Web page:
what does a sports producer do?

Chris Dachille is an executive sports producer at WBAL-TV in Baltimore. He’s more than happy to give you career advice and not fantasy football advice.

If you could possibly wish for a job, mine must rank in the top five. What if I told you that, as your job, you have to keep tabs on all sports while making your own schedule and get to go to pretty much any game you want to attend? I tell people all the time that I watch sports for a living. That’s only half true. I also plan for coverage, deal with massive egos, coordinate with a mass of people and try to make sure the fictional train stays on track.

I’m a referee. Don’t know who the referee is after the game? He or she likely did a good job. That’s my goal.

I’ve had the great fortune of having one job in my professional television career that’s now in its second decade. I work at WBAL-TV in Baltimore, Maryland and I absolutely love my job. It’s the only job where colorful language is required and you go through all 12 stages of grief all day long. My hair will turn grey earlier than most. The total of my checking account doesn’t compare with all of my friends (I make less) and my social life is a royal mess.

I have something that most people don’t have in their mid 30’s: I love my job.

My job has taken me to cover a Super Bowl (that may be a blog in itself down the road), an ALCS, the Winter Classic, playing a U.S. Open golf course, riding in a NASCAR pace car on race day, seeing a Triple Crown winning horse and voting in the Associated Press Top 25 basketball poll. It’s my fourth of doing that. I’m officially a senior.

That previous paragraph isn’t a “name drop.” It’s the bonuses we received in this line of work. Bond traders may receive Christmas bonuses. I get to go to whatever local event I want and eat for free in (usually) the best seat possible. It’s one hell of a perk.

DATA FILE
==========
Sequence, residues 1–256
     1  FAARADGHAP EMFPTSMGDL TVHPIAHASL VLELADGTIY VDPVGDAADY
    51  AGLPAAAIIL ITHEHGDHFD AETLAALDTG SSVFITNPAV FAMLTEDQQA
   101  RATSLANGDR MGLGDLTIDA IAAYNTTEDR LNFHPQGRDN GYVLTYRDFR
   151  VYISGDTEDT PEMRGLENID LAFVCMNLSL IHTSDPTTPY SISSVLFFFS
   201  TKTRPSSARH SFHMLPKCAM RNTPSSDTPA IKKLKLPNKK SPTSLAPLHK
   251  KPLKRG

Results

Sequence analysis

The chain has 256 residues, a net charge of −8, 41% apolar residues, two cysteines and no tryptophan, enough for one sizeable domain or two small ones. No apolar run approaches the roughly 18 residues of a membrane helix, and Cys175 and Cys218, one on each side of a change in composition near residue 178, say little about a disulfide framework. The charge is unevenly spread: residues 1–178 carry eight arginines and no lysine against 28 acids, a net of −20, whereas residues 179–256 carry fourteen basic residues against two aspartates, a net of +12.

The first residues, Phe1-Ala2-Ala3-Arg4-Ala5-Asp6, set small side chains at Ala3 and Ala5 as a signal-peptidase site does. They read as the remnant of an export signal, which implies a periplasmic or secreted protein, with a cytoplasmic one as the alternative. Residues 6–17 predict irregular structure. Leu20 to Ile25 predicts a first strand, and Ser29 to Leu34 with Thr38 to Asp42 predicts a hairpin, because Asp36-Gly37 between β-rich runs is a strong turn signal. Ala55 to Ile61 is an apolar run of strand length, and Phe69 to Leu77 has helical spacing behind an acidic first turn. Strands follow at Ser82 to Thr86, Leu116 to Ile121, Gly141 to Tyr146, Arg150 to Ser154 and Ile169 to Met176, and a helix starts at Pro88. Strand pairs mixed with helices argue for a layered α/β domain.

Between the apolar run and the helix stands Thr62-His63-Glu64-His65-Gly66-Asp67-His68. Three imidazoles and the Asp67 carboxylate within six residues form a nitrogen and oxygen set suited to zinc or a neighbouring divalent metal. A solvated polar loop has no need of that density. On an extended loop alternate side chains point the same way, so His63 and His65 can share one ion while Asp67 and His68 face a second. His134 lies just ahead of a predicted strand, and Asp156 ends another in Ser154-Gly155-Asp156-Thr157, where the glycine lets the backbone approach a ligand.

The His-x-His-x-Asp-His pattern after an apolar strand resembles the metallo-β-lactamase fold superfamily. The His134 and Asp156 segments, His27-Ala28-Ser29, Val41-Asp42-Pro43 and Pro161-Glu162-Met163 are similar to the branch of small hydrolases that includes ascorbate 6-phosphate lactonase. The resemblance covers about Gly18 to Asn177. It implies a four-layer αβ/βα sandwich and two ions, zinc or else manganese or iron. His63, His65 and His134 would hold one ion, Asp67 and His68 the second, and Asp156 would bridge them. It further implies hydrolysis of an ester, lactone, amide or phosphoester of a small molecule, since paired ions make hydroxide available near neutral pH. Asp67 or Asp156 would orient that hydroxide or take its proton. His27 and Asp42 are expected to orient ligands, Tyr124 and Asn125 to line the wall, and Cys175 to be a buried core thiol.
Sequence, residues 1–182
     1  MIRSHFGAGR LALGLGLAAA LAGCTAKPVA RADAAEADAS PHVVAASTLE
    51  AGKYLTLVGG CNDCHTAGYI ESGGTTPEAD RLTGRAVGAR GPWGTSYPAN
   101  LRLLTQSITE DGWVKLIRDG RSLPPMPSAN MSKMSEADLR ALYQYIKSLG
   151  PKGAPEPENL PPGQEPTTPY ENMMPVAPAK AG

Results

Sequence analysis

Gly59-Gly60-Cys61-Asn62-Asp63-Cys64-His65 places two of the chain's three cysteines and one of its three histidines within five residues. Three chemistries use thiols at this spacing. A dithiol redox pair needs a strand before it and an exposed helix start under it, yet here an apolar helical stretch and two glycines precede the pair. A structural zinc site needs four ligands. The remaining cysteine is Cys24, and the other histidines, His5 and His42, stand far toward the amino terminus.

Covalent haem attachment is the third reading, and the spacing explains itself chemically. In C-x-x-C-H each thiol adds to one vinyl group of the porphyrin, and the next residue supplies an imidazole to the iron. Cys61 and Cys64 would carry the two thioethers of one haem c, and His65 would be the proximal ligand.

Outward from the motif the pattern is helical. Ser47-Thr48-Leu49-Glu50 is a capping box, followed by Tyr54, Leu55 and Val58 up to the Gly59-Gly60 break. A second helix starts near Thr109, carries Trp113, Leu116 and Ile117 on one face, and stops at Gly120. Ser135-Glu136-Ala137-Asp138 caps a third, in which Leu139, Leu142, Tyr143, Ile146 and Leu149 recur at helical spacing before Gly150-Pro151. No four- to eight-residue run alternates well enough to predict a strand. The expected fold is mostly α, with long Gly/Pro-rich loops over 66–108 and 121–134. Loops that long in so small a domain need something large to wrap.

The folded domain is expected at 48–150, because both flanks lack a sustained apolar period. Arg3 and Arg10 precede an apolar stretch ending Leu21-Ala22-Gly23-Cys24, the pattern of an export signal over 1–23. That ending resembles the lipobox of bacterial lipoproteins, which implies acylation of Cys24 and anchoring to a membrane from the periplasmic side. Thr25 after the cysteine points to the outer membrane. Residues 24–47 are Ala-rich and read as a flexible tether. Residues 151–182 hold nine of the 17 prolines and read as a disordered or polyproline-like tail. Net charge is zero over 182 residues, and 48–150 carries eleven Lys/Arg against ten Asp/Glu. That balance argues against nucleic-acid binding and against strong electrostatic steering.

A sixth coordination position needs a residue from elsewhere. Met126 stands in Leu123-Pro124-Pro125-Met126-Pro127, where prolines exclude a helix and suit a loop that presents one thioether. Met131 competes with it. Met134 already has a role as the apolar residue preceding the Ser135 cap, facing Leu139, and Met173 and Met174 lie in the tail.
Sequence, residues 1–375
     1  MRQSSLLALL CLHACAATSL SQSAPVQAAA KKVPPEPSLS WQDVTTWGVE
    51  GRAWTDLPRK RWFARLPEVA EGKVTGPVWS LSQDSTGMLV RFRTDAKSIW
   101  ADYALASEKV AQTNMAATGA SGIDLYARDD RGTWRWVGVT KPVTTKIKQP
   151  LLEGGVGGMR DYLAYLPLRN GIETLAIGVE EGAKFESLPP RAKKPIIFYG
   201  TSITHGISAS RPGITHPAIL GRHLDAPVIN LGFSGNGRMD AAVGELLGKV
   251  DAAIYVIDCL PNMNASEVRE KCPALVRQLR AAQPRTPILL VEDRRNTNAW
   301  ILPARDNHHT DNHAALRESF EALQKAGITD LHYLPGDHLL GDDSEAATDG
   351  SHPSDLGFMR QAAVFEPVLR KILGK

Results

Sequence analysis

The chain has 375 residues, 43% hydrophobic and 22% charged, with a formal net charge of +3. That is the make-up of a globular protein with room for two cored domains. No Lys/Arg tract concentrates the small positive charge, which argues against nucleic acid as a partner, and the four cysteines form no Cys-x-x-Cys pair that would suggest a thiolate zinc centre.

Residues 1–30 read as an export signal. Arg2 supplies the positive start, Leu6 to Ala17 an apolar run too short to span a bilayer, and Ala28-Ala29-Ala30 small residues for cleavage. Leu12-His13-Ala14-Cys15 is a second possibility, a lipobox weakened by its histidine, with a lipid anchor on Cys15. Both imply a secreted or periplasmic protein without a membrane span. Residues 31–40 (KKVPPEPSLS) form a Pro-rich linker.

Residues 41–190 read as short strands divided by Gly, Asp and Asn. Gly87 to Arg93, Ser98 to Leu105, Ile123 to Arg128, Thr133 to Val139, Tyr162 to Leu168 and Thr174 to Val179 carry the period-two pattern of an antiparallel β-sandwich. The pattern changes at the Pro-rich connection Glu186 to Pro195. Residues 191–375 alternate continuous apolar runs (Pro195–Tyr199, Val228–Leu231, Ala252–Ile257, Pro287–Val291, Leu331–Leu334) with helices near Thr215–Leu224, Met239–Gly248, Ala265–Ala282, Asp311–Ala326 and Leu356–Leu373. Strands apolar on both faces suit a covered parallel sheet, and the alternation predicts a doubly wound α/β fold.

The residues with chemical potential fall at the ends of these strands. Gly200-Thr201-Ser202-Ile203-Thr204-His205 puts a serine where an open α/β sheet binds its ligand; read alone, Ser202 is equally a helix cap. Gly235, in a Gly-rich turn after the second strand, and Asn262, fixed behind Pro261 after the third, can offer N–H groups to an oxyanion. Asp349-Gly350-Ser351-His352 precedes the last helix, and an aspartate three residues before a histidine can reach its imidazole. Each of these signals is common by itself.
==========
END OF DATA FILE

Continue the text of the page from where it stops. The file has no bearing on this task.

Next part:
There is actual work to my job. I have a dry erase board that lists all the events of the week right next to my tack board of local schedules. I constantly monitor the AP wires for news, am a Twitter-holic, and scan all of our news feeds for missed stories. I stack & write special sports shows that our station produces. And if anyone tells you that local sports is dead, I would love to speak with them. I’ve done more and more in the last 4-5 years.

During football season, I average 55-60 hours per week at work that includes a 14 hour workday on Sunday. My only off day is Saturday and I spend that all day watching college football. I almost always feel that I’m missing a story when in my downtime.

This isn’t a job that you can leave at 5:00 every day and go to happy hour. That’s not saying that you can’t carve out time and enjoy life. You can. You just also have to understand that when breaking news occurs, your life changes – and you have to prepare for that. Do you want to stay on the date with the attractive young man or lady? That’s great. Maybe this profession isn’t for you.

Then again, if you have gotten this far, maybe it is. There’s no feeling like going into a television control room as you glance over an overload of monitors and work in sync with reporters, anchors, directors, technical directors and everyone else to produce something that makes you immensely proud.

I encourage you to tweet me @WBALDash if you have any questions.

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